The industrial actors should adopt a comprehensive global policy on responsible marketing to children and adolescents that is accessible to all stakeholders in the public domain. The policy should include all forms of integrated marketing communications – e.g. company-owned, brand-equity mascots and licensed media characters used on in-store food packaging and at points of sale, in-school food marketing, sponsorships, celebrity endorsements, charitable donations and fundraising activities.18,20,47 Industrial actors should also: (i) commit to clear targets set by national governments to restrict young people’s exposure to unhealthy branded food and beverage products; (ii) use a government-approved nutrient-profiling system to guide the development of acceptable products; (iii) not oppose government actions to implement health-protecting legislation and regulation; (iv) design and implement competitive business plans to shift their marketing resources from unhealthy products to promote profitable but nutrient-dense products – and so help young people meet their recommended dietary targets for fruits and vegetables, whole grains and low-fat or non-fat dairy or dairy-substitute products; and (v) amend existing self-regulatory programmes to protect the diet and health of all individuals aged 18 years and younger. Finally, industrial actors must demonstrate transparency and share relevant information on their websites and with independent monitoring bodies, to facilitate the evaluation of progress to restrict the marketing of unhealthy food and beverage products to young people – within and across countries and globally.

WHO

WHO should support Member States by integrating the marketing of breast-milk substitutes, infant foods and unhealthy food and beverage products into a strong overarching Code of Conduct for the marketing of healthy foods and beverages – with long-term funding to support robust monitoring, reporting and accountability systems. WHO’s headquarters and its regional offices should provide Member States with technical assistance to adopt a standardized, global food and nutrient-profiling system, enact legislation and policies to restrict the marketing of unhealthy food and beverage products to young people, and publish regular updates on the progress that Member States are making towards the full implementation of Resolution WHA63.14 by 2025.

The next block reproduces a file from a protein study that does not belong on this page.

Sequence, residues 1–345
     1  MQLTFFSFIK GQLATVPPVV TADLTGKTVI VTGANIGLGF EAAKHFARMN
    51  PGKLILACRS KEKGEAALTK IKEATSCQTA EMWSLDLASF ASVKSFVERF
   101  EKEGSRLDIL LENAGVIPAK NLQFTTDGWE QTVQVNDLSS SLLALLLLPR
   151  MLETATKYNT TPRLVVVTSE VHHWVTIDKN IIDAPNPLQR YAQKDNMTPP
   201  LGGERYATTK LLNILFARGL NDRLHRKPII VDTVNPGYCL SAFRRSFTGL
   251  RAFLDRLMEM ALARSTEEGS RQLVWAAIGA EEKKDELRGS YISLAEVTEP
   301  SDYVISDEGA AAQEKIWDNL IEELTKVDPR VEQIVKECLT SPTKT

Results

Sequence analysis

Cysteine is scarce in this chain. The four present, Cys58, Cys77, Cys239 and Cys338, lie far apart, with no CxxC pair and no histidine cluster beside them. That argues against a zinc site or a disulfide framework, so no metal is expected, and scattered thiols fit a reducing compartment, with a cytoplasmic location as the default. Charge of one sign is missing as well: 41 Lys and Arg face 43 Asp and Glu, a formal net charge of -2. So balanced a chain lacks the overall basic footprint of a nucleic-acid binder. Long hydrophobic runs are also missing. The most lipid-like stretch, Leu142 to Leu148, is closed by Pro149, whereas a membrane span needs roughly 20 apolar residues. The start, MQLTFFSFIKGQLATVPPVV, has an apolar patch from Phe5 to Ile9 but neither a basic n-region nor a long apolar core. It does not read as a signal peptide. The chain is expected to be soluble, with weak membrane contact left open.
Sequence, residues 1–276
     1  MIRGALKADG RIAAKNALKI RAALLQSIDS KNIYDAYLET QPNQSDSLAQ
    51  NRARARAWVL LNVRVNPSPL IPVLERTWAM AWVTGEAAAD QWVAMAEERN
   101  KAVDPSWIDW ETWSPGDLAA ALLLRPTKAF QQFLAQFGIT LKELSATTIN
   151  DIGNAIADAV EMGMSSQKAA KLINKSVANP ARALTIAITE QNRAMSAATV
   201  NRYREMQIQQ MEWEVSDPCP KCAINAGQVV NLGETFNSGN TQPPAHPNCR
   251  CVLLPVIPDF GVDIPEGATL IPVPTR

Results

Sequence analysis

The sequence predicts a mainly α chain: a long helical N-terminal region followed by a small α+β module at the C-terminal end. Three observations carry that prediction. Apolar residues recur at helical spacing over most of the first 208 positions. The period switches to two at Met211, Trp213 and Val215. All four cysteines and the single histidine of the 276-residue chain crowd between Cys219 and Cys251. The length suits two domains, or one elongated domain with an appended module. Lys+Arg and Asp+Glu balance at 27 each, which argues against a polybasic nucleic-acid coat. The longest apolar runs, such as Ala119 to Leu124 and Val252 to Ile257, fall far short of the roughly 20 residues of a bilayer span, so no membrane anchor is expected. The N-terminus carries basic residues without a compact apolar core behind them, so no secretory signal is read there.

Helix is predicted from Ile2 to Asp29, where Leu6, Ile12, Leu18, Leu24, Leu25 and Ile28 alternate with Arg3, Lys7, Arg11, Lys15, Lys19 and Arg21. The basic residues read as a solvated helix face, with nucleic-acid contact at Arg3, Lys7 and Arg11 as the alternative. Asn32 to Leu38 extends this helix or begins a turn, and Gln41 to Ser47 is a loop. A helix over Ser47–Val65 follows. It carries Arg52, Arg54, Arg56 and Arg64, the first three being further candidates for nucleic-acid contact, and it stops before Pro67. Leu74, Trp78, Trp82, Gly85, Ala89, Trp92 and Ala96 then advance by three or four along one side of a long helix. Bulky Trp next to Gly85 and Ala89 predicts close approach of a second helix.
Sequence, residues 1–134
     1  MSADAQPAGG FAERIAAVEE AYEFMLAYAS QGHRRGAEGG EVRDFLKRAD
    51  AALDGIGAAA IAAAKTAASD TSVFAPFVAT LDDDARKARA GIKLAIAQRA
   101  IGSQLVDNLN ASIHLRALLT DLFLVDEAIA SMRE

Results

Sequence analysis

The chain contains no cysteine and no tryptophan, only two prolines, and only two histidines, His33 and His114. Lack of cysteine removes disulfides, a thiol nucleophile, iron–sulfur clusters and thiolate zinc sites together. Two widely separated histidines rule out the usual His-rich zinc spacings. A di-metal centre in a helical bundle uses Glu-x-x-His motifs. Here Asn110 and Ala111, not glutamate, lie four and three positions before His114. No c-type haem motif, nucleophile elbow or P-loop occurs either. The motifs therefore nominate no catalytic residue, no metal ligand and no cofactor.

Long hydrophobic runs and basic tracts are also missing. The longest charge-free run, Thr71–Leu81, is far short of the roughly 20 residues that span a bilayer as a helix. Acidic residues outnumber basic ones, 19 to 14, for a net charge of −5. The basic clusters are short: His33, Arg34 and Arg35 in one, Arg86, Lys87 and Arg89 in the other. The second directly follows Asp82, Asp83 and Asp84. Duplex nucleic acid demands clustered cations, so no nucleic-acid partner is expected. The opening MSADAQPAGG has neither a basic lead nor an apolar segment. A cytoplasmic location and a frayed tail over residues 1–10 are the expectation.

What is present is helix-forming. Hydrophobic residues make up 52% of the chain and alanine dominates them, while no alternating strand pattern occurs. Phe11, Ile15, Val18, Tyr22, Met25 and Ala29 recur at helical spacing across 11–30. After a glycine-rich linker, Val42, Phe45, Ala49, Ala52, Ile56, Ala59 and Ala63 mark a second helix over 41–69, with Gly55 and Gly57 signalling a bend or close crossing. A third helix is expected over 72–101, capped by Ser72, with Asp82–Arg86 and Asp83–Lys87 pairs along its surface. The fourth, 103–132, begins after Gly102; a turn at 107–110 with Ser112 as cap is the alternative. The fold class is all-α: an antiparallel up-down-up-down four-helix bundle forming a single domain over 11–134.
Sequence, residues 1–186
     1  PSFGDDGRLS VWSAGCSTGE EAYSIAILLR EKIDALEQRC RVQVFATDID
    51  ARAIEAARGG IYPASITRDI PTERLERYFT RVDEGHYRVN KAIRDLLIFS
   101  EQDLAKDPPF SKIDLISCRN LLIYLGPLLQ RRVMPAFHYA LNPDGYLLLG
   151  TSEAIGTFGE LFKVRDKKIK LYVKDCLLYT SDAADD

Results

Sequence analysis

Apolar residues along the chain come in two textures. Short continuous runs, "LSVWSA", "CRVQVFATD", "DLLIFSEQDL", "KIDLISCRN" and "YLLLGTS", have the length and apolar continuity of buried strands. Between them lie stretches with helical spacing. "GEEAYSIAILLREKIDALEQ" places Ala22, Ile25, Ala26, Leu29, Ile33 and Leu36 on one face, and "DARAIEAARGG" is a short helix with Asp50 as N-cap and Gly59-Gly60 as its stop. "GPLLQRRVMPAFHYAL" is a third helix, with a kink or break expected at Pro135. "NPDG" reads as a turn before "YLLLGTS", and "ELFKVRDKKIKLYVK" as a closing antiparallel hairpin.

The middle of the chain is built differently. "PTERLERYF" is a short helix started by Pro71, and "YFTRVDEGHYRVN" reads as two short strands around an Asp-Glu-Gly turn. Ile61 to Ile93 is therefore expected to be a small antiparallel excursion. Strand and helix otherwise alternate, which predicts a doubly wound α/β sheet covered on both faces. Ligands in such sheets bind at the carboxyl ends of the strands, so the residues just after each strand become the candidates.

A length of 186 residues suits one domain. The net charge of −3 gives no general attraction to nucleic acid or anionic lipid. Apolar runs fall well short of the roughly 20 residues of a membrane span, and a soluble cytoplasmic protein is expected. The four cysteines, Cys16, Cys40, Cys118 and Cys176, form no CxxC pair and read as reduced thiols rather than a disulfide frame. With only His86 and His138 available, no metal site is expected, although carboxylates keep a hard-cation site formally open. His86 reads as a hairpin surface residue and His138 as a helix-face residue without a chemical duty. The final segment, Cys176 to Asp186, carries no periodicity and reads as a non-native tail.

Conclusion

The five-year anniversary of Resolution WHA63.14 encourages us to reflect on the progress achieved and further actions required to protect young people from the harmful impacts of the marketing of unhealthy food and beverage products – especially given the rising prevalences of obesity and diet-related noncommunicable diseases worldwide. Several UN agencies offered useful leadership between 2010 and early 2016, by providing technical and policy guidance to Member States. However, no Member State has implemented comprehensive legislation or enforced mandatory regulations to prohibit the marketing of unhealthy food and beverage products to young people. The Access to Nutrition Foundation 2016 scorecard has confirmed that transnational food and beverage firms have not yet implemented a global pledge, to engage in responsible marketing to young people, that covers all practices. Moreover, no industrial sector uses a standardized, government-supported nutrient profiling system to restrict the marketing of unhealthy food and beverage products to those aged 14–18 years. Civil society organizations can develop model pledges to help Member States and industry accelerate progress. National governments and other relevant actors have future opportunities to build policy coherence across settings, sectors and continents and establish healthy food environments for young people. These actions should support the UN Convention on the Rights of the Child, the right to adequate nutrition, the reversal of the current upward trend in the prevalence of undernutrition, obesity and diet-related noncommunicable diseases, and the promotion of healthy lives for all by 2030.


Competing interests:

None declared.

References